- The Washington Times - Thursday, December 18, 2003

What is immediately striking about the Royal Shakespeare Company’s “The Taming of the Shrew” is how interested everyone looks. All the actors, even those portraying servants, appear to be raptly listening to their fellow cast members. None of those vacant stares or actors marking time between lines that Washington theatergoers have experienced of late.

Even the musicians seemed interested in what was occurring on the stage below their orchestra platform.

This level of discipline and devotion is what sets the RSC apart and is one of the myriad joys of its production of Shakespeare’s battle of the sexes comedy under the astute direction of Gregory Doran. From the first glimpse of the set, an endless series of weathered doors of various architectural types, to the zesty Celtic music and the impassioned performances, this is one “Shrew” you won’t mind spending time with.

Running in repertory with “Shrew” is John Fletcher’s “The Tamer Tamed,” a sequel written in 1611. It is the first time the plays have been paired in 370 years, and it’s high time.

“The Taming of the Shrew” centers on the pacifying of Katherine (Alexandra Gilbreath), who is, quite simply, a handful. Her hands are perpetually balled into fists like the schoolyard bully, her voice never goes below a bellow. For the daughter of a rich citizen of Padua, Baptista Minola (Ian Gelder), Katherine has more than a touch of the fishwife about her.

In contrast, her younger sister Bianca (Eve Myles), is a pretty milksop, a spoiled beauty who tends to dissolve into tears when things don’t go her way. Bianca is ardently courted by Hortensio (Paul Chahidi), Gremio (Christopher Godwin) and Lucentio (Daniel Hawksford), but Baptista won’t let her marry until someone takes Katherine off his hands.

That someone is Petruchio (Jasper Britton), a mellow tippler who seems more Falstaff than Romeo. In order to maintain his life of pleasure, Petruchio needs to find a wife with a large dowry. Katherine fits the bill in the financial department — so what’s a little ill temper? Petruchio gamely undertakes to woo a woman others call “a fiend of hell.” Who will win, the feral Katherine or the Rabelaisan Petruchio? In the first round he gains the upper hand by tickling her feet, a delectable scene.

Petruchio senses that the way to Katherine’s heart is to pay attention to her, since she is wildly jealous of the younger, prettier sister who commandeered their father’s affections. Of course, Petruchio takes his plan to extremes as he brainwashes Katherine by denying her food, sleep and other creature comforts.

Petruchio’s methods of making Katherine obedient are the hardest part of the play to digest for modern audiences, since it seems cruel, even abusive.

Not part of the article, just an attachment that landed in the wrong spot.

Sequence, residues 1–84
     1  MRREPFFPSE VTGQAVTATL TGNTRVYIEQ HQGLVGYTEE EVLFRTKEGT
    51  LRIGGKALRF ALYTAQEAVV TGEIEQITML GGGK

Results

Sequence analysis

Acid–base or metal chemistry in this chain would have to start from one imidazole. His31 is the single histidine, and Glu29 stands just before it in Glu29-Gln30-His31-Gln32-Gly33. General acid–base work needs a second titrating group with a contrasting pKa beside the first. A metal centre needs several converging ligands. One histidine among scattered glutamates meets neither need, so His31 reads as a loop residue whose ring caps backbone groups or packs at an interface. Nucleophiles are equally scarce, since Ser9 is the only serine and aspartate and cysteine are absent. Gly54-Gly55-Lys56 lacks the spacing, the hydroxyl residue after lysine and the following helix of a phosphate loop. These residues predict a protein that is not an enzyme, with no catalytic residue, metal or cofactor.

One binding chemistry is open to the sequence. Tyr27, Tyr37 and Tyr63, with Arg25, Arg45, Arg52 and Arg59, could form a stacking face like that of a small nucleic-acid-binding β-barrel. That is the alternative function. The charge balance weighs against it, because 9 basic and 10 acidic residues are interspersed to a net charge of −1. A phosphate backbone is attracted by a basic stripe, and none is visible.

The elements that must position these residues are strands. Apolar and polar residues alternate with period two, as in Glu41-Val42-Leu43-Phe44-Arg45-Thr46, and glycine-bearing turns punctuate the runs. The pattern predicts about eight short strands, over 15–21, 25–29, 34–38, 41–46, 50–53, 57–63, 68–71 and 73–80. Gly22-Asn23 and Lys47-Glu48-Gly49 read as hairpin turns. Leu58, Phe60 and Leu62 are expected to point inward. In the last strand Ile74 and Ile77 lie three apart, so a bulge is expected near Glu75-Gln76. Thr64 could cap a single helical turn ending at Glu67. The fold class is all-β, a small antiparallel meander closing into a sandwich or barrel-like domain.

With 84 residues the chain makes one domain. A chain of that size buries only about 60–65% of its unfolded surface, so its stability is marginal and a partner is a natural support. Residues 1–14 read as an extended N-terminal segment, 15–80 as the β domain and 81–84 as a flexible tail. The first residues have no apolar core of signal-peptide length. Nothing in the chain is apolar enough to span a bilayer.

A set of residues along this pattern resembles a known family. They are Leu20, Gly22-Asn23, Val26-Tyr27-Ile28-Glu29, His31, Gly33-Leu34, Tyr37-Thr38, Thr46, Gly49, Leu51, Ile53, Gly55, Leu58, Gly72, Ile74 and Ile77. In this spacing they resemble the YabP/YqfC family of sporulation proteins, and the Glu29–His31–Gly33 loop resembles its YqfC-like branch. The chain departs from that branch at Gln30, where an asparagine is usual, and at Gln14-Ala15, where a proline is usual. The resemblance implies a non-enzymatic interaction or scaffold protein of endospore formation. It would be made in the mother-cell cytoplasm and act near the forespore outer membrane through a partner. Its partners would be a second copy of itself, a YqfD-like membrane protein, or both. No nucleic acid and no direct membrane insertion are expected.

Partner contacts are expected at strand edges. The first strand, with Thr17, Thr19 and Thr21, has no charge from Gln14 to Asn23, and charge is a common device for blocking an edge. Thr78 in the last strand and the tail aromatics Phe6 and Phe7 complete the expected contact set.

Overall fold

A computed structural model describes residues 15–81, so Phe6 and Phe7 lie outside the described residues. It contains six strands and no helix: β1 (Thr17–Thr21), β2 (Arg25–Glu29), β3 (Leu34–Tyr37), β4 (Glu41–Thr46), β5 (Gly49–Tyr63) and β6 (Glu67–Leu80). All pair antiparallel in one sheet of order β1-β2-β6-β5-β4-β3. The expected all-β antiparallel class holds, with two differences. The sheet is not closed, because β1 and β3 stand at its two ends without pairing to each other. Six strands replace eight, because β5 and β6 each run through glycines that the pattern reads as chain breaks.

It might have been easier to swallow if Mr. Britton’s Petruchio had continued to exhibit throughout some of the vulnerability and playfulness he showed in the beginning, when still questioning his decision to take on Katherine.

In the second act, Petruchio is so bent on breaking the spirit of his new wife that he seems transformed. Miss Gilbreath’s portrayal of a harridan who becomes a hausfrau is more convincing — her ordeal would crack anybody — and there is an element of triumph in it because, in the end, Katherine is still prickly, still proud, still strident, just not violent and self-destructive.

Torturing a woman into submission may not sound like the stuff of comedy, but “Taming of the Shrew” is quite funny. Much of the humor stems from mocking Katherine’s disposition (“there is small choice in rotten apples,” one character remarks) and in the various lovers’ lame attempts to romance Bianca. Mr. Godwin’s portrayal of the geezer, Gremio, is particularly fine, as he plays an old man in love with a canny mixture of youthful longing and mature sagacity.

The play gets off to a strong start with a staple of Shakespearean comedy: identity switching. Hearing that Bianca’s father is looking for tutors, one of the suitors, Lucentio, disguises himself as the schoolmaster Cambio, while his valet (Rory Kinnear) takes on the guise of his noble master. Mr. Kinnear is a scene-stealer as he attempts to get used to the high-heeled shoes, ornate language, and elegant carriage of the ruling class.

“Shrew” bogs down in the overlong first act, but that is due more to the play than the players, who are excellent throughout. The comedy regains its lively insolence in the second act, especially near the end at a wedding feast that is upstaged by the mad electricity between Petruchio and Katherine.

Is the “Shrew” tamed for good? This production definitively says “yes” and makes a strong, delectable case that Katherine is better off as a result of Petruchio’s brand of anger management.


WHAT: “The Taming of the Shrew” by William Shakespeare

WHERE: Eisenhower Theatre, Kennedy Center

WHEN: 8 p.m. Tuesdays through Saturdays, 2:30 p.m. Saturdays and Sundays. Running in repertory with “The Tamer Tamed” through Jan. 4.

TICKETS: $25 to 75

PHONE: 202/467-4600

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